Samuel Hallegua reflects on the heydays of the Jewish families in Kochi
KOCHI: Samuel Hallegua, Sammy to the Jewish neighbourhood in Mattancherry, is a sad man. Looking at the Jew Street that is lined with shops selling curios, the septuagenarian reflects on the heydays of the community when the street had endless rows of Jewish households. He resents that the community, which has shrunk to six households in Mattancherry, and its Synagogue are being thought of as exhibits to attract tourists. It is this labelling that renders ageing members of his community reticent. Hallegua, however, has a sense of history and takes pride in emphasising his hyphenated identity.
“I belong to here as much as I am Jewish,” he says.
Hallegua’s worries are multi-fold. The brazen demands of tourism, to name one. “Sadly, it has become a religion and an irresponsible one at that,” he laments. “As the warden of the Synagogue, there is pressure on me to keep it open throughout the day. Hundreds of feet pounding the blue and white hand-painted Chinese tiles, which were paved as long back as 1762, may cause the colour to fade,” he says with concern. Currently, the Synagogue is open on five days a week between 10 a.m. and 12 noon and 3 p.m. and 5 p.m. Judaism, as a rule, doesn’t permit taking photographs of festivals and the Shabbat. “But even Jewish tourists come banging the doors of the Synagogue when the prayer is on,” says Hallegua.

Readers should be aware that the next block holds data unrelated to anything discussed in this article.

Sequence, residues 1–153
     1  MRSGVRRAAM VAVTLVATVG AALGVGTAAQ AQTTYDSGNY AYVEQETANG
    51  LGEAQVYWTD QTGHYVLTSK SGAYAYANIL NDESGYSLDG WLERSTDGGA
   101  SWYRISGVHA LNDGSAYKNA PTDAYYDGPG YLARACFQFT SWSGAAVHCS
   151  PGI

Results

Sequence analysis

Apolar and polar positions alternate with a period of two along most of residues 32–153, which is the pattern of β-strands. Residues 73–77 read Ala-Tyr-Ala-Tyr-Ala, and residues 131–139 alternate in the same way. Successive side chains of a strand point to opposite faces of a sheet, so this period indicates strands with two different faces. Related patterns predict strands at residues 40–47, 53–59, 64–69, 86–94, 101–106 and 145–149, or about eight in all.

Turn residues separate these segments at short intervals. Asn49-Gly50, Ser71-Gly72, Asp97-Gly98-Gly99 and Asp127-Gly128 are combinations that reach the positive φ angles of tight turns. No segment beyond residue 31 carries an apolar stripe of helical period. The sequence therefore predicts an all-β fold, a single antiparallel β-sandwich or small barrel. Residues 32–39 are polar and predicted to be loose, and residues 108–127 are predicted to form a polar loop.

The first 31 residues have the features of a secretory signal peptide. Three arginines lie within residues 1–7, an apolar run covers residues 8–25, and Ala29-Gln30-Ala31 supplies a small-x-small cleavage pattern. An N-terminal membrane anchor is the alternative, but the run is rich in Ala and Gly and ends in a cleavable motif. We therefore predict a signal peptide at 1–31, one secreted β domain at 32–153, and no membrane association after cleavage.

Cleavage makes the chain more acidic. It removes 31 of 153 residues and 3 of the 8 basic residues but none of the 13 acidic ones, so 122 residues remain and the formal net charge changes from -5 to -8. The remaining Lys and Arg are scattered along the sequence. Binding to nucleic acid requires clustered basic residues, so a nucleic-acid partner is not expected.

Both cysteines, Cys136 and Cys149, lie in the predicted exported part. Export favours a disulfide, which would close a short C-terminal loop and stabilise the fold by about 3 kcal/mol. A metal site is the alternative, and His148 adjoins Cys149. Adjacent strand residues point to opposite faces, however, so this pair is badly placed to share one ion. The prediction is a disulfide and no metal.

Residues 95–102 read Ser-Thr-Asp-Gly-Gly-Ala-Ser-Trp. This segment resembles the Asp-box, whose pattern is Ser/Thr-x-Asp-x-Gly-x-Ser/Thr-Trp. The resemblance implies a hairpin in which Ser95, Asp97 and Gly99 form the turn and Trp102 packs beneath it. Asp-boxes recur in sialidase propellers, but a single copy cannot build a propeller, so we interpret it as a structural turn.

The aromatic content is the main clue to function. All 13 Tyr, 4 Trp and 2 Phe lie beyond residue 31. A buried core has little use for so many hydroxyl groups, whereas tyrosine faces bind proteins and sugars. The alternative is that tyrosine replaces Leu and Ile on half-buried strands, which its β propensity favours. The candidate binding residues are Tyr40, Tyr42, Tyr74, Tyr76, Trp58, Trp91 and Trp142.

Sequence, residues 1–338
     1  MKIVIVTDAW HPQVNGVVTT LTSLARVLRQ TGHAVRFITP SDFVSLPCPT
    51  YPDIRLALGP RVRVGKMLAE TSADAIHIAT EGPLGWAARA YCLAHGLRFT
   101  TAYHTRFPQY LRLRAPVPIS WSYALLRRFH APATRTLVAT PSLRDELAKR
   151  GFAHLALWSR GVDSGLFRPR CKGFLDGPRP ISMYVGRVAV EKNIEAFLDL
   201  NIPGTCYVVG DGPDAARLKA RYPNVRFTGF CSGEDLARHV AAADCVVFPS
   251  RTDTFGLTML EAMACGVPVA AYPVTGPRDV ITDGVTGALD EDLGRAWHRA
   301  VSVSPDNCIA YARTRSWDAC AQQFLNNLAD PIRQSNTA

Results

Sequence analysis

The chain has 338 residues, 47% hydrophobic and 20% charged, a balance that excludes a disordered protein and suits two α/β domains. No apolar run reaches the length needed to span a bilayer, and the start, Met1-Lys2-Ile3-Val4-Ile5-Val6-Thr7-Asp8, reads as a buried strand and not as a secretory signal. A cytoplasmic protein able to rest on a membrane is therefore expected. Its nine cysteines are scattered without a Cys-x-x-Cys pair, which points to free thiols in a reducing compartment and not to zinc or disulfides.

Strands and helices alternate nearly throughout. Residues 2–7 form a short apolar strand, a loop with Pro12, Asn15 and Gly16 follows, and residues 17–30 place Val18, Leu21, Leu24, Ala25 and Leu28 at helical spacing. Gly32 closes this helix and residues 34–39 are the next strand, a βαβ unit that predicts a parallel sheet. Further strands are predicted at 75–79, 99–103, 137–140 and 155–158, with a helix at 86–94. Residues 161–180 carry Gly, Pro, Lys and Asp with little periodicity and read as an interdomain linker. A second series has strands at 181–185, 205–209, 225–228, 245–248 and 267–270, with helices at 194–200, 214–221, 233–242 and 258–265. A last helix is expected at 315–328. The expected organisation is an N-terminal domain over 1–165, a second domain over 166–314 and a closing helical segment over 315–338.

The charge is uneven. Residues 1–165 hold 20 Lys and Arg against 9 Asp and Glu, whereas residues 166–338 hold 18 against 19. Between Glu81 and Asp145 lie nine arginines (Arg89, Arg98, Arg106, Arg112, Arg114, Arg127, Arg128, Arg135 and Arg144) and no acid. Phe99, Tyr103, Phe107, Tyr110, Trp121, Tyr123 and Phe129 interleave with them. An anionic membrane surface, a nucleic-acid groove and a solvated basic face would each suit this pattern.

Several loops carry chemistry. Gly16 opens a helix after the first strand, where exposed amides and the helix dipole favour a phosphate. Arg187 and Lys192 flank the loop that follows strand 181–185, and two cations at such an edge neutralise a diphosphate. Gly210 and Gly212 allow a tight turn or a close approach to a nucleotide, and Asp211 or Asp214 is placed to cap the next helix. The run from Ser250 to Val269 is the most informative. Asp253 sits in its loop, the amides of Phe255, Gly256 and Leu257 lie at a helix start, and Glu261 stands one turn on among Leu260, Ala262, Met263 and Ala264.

History has it that the Synagogue — one of the eight in and around Kochi and the only one which continues to have congregational prayers — was built in 1568. The war of 1662 left it partially destroyed, but was rebuilt it in the mid-18th Century by two members of the Caster family and Hallegua family. Cochin Jews, as they used to be referred to, were about 2,500 in number in the 1940s, but India’s Independence and the creation of Israel saw most of them migrate. At present, the community, living in tiny clusters in Mattancherry, Ernakulam and Aluva comprises some 50 elderly people, with the younger generation migrating to pastures anew. For the likes of Hallegua, history is very important and the history of his family in Kochi dates back to 1592.
As for Hallegua himself, India has done well to preserve its mosaic culture. “It has been more than tolerant. The Santa Cruz High School I went to was run by Jesuit priests. My sister studied in a school which was managed by Italian nuns. But we were never under pressure to shun Judaism. The country accepted us as we have been. I am a proud Indian. I’m also a Hindu in an apolitical sense,” he says.
When his son and daughter went for studies abroad, Mr. Hallegua and his wife Queeny realised they would never come back to settle here. World over, the Jews have a common liturgy, with minor changes. But what sets the Cochin Jews apart is that they have close to 1,000 songs composed in Malayalam. Three religious phrases, articulated on important occasions such as marriage, have also been translated into Malayalam from Hebrew. When Hallegua’s son David got married in the United States, he took pains to convince the Rabbi of this unique tradition which requires the bridegroom to say the blessings. The last marriage that was solemnised in Mattancherry Synagogue was perhaps in 1980. Before that, Hallegua’s niece got married here in 1978.
He saw Mattancherry leave the ferry for the bridge that linked it to the mainland. He has been witness to the Periyar, which he would swim across as a child during the summer holidays, being ravaged by the sand mafia into a treacherous puddle.
So many times he has been asked if he wouldn’t want to go to Israel.
But for him, Malayalam is his mother tongue. Home is where his feet are.